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ENERGY NEWS
US presses green growth in Asia

by Staff Writers
Big Sky, Montana (AFP) May 18, 2011
Warning that the era of cheap fuel was over, the United States on Wednesday called for Pacific Rim economies to knock down trade barriers to spur growth in clean energy.

President Barack Obama's administration, which faces domestic opposition on climate change, is putting a high priority on the environment as the United States this year chairs the 21-member Asia-Pacific Economic Cooperation forum.

Meeting senior APEC trade officials at the snow-covered ski resort of Big Sky, Montana, Commerce Secretary Gary Locke said that millions of green jobs are waiting to be created from the factory floor to the construction sector.

"In the next few decades, world economies will need to rebuild and reinvent virtually every industrial activity -- from power generation and transportation to manufacturing and construction -- all to succeed in an energy environment that looks drastically different from the one that we're used to," Locke said.

"For well over 100 years, much of the world enjoyed two luxuries that helped propel the greatest burst of sustained economic growth in human history.

"Fossil fuels were cheap and abundant. And number two: we either didn't know about or didn't care about impact to our planet from greenhouse gas emissions caused by burning those fuels," he said. "Those days are over."

But Locke said that clean energy needed entrepreneurs -- and that the Asia-Pacific region had too many barriers to trade.

He pointed to US concerns about lack of protection for intellectual property, along with transportation costs, customs clearance delays and lack of access to financing.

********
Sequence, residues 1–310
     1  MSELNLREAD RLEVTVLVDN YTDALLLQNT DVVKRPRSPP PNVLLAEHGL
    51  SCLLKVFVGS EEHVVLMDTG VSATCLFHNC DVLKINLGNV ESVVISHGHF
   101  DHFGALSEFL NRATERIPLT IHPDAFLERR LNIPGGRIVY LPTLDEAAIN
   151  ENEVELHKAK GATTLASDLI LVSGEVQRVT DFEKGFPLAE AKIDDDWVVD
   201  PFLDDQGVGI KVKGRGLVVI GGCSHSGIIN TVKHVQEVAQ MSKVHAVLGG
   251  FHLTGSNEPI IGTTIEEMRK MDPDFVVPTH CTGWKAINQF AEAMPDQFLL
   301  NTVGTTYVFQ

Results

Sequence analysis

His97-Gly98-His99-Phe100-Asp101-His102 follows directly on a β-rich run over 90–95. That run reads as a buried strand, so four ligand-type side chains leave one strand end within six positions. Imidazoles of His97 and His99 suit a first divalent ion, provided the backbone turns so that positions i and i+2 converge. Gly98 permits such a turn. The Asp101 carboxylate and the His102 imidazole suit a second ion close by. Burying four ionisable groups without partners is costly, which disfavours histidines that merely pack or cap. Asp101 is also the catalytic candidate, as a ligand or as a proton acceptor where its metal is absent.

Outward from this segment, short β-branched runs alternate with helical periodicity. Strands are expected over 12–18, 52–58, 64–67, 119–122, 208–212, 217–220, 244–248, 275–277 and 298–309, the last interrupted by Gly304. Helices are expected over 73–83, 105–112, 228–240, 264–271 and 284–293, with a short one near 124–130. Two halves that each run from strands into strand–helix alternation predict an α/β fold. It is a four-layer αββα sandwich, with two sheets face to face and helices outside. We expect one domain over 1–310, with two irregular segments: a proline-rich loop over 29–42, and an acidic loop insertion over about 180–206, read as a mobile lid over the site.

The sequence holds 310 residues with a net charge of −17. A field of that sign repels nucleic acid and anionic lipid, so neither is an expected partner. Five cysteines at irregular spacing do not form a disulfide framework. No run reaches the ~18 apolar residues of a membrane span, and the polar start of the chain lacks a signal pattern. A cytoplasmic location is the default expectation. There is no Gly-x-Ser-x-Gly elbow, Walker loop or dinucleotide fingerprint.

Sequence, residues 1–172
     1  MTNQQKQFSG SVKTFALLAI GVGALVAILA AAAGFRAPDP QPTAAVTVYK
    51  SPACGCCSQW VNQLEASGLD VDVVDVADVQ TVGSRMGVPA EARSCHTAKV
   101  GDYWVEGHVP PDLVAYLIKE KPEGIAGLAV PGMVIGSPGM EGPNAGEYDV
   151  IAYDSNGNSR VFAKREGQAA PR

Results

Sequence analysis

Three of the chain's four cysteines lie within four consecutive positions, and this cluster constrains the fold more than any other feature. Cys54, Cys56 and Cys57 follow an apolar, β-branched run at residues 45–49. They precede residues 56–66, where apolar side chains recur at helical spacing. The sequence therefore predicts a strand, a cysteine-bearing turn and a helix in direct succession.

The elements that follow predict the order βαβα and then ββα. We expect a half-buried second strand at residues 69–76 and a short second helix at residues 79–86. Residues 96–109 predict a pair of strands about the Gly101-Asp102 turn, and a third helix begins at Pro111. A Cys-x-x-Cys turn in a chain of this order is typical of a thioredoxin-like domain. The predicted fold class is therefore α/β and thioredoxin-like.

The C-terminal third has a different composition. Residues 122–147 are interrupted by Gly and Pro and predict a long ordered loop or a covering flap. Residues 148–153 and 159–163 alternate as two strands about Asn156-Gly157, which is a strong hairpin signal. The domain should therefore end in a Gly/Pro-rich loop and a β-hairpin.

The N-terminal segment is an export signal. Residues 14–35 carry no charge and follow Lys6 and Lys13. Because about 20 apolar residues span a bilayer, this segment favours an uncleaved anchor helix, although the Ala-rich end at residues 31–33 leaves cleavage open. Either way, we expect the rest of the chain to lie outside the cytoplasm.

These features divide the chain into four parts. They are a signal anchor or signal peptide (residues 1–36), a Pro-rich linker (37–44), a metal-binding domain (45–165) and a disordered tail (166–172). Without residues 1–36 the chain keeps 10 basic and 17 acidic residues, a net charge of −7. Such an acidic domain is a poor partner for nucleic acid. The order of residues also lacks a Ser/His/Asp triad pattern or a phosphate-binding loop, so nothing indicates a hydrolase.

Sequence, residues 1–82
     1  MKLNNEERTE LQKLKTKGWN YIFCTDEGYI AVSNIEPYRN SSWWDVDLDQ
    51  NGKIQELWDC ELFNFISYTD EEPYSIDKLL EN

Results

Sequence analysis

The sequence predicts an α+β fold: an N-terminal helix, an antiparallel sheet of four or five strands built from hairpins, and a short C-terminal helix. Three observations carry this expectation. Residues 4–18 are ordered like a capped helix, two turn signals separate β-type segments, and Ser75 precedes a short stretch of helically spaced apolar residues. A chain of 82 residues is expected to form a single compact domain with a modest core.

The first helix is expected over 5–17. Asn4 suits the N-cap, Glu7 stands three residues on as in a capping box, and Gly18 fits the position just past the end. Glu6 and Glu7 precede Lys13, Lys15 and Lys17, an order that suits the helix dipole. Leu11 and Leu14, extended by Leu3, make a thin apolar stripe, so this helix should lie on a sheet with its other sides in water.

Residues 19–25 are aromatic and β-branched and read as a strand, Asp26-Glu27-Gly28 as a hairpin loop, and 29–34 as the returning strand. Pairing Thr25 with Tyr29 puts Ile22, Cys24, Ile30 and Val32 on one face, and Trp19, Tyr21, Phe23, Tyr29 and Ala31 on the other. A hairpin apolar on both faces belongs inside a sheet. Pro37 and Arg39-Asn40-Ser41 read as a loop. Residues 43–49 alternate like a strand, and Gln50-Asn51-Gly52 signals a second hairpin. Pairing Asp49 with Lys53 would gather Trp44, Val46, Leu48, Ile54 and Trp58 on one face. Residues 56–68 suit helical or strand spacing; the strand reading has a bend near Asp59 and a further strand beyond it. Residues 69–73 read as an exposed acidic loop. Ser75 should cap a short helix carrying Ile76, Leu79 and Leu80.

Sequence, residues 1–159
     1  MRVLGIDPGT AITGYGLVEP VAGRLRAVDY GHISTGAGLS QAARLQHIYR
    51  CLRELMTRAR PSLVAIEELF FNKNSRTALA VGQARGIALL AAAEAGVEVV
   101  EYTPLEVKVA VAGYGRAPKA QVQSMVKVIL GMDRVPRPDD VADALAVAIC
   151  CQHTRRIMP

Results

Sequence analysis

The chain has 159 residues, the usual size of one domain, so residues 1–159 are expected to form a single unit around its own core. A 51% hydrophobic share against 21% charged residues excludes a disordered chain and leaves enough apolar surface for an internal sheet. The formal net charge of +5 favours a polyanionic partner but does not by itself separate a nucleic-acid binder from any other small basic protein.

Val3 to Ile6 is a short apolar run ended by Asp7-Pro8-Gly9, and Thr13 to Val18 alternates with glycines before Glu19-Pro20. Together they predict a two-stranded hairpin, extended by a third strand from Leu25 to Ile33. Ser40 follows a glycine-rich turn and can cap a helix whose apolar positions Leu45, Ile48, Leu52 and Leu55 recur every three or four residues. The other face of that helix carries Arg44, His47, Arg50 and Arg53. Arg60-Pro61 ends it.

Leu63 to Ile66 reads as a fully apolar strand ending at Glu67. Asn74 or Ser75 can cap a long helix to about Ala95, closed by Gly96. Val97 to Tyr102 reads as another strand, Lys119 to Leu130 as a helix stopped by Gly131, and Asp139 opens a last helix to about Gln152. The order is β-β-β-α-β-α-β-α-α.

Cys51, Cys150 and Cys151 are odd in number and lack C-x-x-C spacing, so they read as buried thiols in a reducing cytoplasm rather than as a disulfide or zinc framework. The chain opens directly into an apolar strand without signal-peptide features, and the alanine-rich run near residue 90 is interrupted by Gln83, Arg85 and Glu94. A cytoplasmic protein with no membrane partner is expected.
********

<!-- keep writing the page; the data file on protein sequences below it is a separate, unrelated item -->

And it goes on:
APEC includes rising powers in clean energy such as China, which has surpassed the United States as the top investor in green technology even as its carbon emissions keep soaring forward.

The United States has been seeking incremental progress with China in setting the guidelines for fighting climate change, amid an unsure outlook in UN-led talks on a successor to the Kyoto Protocol.

Obama's rivals in the Republican Party gained ground in congressional elections last year and are deeply suspicious about action on climate change, with many saying that it would prove too costly at a time of high oil prices and unemployment.

With Republicans on the offensive and US gas prices near record highs, Obama recently defied environmentalists by agreeing to speed up oil and gas drilling.

Separately, APEC -- which accounts for nearly half of the world's food production -- signed an agreement with the World Bank to improve the safety of produce as the global supply chain becomes increasingly complex.

While in its preliminary stages, the agreement called for training programs to improve controls over food safety.

"At every step along the way, there are opportunities unfortunately for the introduction of contamination, or adulteration, of products," said Margaret Hamburg, head of the US Food and Drug Administration.

"We have an obligation to do everything we can to ensure the safety and integrity of the supply chain," she told reporters.

The Big Sky talks are also looking at a way forward on the Trans-Pacific Partnership, a proposed free trade agreement linking nine countries that set a goal of reaching a framework in time for APEC's November summit in Hawaii.

The talks involve Australia, Brunei, Chile, Malaysia, New Zealand, Peru, Singapore, the United States and Vietnam. An agreement would mark a rare success in global trade diplomacy amid the deadlock in World Trade Organization talks.

The Obama administration is hoping to win over critics of free trade by including labor and environmental standards in the deal.



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